IRS Introduces Per Diem Rates Effective October 2018 by Dustin Grizzle

Posted on November 27, 2018 by Dustin Grizzle

The IRS issued its annual update to the daily rates that employers may use to reimburse employees for lodging, meals and other incidental expenses that workers incur while traveling for business purposes.

The per diem rates are fixed amounts that employers may use to more easily reimburse workers for ordinary and necessary business travel expenses without requiring the collection and calculation of actual costs incurred. These payments are not considered taxable income to employees as long as workers substantiate their claims with detailed expenses reports. However, should a business reimburse an employee for more than the per diem rate, the employee is responsible for paying taxes on that amount.

Effective Oct. 1, 2018, the per diem meal and incidental allowances for taxpayers in the transportation industry are $66 within the continental U.S. and $71 for travel outside of the region. These expenses include all meals, laundry and dry cleaning services, and tips provided to food servers, porters, baggage handlers and other hotel employees.

For purposes of the high-low substantiation method, the per diem rates are $287 for travel to a high-cost locality and $195 for travel to any other locality within the continental U.S. The per diem rates for solely meals and incidental expenses is $71 for travel to high-cost localities and $60 for any other area within the continental U.S. In addition, the IRS updated its list of localities, including New York City, San Francisco and Aspen, Colo., which have a high cost of living during all or a portion of the year and therefore have a federal per diem rate of $241 or more.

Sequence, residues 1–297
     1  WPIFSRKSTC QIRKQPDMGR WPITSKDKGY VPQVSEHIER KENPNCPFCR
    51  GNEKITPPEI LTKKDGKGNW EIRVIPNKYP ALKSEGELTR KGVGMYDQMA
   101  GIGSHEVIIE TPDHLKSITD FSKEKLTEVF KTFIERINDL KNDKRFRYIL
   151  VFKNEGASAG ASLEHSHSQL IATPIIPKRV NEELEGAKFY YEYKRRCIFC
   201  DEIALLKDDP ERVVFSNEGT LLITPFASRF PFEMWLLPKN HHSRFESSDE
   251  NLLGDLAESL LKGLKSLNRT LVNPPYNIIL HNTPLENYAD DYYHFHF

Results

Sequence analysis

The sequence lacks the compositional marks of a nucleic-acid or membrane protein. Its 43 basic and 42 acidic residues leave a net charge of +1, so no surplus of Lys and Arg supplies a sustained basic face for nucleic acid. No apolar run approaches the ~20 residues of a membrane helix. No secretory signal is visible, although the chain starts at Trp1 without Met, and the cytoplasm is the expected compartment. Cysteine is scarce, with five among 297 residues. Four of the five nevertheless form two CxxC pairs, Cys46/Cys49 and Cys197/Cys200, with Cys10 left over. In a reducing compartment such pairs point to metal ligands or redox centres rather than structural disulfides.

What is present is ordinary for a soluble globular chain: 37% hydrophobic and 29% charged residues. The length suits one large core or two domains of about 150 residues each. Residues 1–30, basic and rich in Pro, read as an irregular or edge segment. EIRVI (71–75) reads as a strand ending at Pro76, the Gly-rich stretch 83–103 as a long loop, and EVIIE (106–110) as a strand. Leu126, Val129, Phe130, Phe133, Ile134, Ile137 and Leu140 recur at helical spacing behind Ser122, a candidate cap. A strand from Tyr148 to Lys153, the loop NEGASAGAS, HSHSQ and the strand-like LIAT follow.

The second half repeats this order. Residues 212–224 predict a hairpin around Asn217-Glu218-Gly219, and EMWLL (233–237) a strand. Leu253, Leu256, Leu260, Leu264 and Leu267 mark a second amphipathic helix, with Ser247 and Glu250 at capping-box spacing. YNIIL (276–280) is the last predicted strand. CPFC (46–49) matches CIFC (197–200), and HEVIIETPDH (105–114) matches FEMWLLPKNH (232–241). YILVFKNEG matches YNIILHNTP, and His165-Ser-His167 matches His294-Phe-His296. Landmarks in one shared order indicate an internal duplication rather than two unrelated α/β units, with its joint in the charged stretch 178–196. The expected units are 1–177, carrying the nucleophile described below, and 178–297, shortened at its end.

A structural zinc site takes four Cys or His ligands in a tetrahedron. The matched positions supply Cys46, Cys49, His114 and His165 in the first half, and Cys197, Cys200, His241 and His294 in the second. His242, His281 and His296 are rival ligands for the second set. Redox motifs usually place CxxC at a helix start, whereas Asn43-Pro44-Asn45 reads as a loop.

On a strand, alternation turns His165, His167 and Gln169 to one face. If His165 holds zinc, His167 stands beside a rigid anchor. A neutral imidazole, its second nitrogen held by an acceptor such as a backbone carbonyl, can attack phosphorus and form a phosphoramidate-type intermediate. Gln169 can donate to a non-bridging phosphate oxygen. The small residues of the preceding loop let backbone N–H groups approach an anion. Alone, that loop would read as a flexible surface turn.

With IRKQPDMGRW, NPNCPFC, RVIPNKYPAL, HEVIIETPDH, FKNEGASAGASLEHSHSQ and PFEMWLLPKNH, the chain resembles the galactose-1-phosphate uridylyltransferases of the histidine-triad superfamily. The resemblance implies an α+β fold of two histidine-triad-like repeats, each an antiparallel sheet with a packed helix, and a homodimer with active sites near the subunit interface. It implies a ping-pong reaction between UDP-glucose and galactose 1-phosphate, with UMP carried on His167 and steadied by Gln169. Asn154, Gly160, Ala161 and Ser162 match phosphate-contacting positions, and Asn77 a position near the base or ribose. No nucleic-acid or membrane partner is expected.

The per diem rates are especially important to workers in 2018 because the Tax Cuts and Jobs Act eliminates their ability to deduct unreimbursed job expenses and miscellaneous itemized deductions through 2025. Therefore, it behooves workers to speak with their employers and request reimbursements for those business-travel expenses in order to recoup even a portion of the money they personally lay out to pay for costs that are necessary for their jobs.

About the Author: Dustin Grizzle is an associate director of Tax Services with Berkowitz Pollack Brant, where he provides corporate structuring, tax-planning and compliance services to real estate developers, management firms and investment companies; manufacturing businesses with large inventories; and high-net-worth families. He can be reached at the CPA firm’s Boca Raton, Fla., office at (561) 361-2000 or via email at

Information contained in this article is subject to change based on further interpretation of tax laws and subsequent guidance issued by the Internal Revenue Service.